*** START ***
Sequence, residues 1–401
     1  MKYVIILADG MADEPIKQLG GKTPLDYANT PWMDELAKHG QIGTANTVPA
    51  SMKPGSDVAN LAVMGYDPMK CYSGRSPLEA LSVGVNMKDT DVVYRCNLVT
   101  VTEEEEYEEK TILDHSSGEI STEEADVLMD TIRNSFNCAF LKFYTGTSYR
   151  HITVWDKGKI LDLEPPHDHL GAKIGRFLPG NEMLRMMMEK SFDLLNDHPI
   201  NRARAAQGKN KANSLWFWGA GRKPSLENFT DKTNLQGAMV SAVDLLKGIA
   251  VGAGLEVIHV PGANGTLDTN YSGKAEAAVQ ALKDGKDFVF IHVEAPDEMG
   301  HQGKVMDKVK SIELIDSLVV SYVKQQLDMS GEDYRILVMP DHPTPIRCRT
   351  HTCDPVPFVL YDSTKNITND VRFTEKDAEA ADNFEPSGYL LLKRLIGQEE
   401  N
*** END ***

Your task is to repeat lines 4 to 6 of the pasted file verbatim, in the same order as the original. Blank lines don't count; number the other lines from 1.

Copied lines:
   101  VTEEEEYEEK TILDHSSGEI STEEADVLMD TIRNSFNCAF LKFYTGTSYR
   151  HITVWDKGKI LDLEPPHDHL GAKIGRFLPG NEMLRMMMEK SFDLLNDHPI
   201  NRARAAQGKN KANSLWFWGA GRKPSLENFT DKTNLQGAMV SAVDLLKGIA